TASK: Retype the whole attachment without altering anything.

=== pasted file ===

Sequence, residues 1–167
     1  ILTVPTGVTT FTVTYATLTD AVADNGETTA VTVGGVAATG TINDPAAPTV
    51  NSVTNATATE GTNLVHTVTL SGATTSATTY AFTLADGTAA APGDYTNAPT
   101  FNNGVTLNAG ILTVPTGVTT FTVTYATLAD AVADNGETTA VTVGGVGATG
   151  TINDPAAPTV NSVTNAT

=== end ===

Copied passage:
Sequence, residues 1–167
     1  ILTVPTGVTT FTVTYATLTD AVADNGETTA VTVGGVAATG TINDPAAPTV
    51  NSVTNATATE GTNLVHTVTL SGATTSATTY AFTLADGTAA APGDYTNAPT
   101  FNNGVTLNAG ILTVPTGVTT FTVTYATLAD AVADNGETTA VTVGGVGATG
   151  TINDPAAPTV NSVTNAT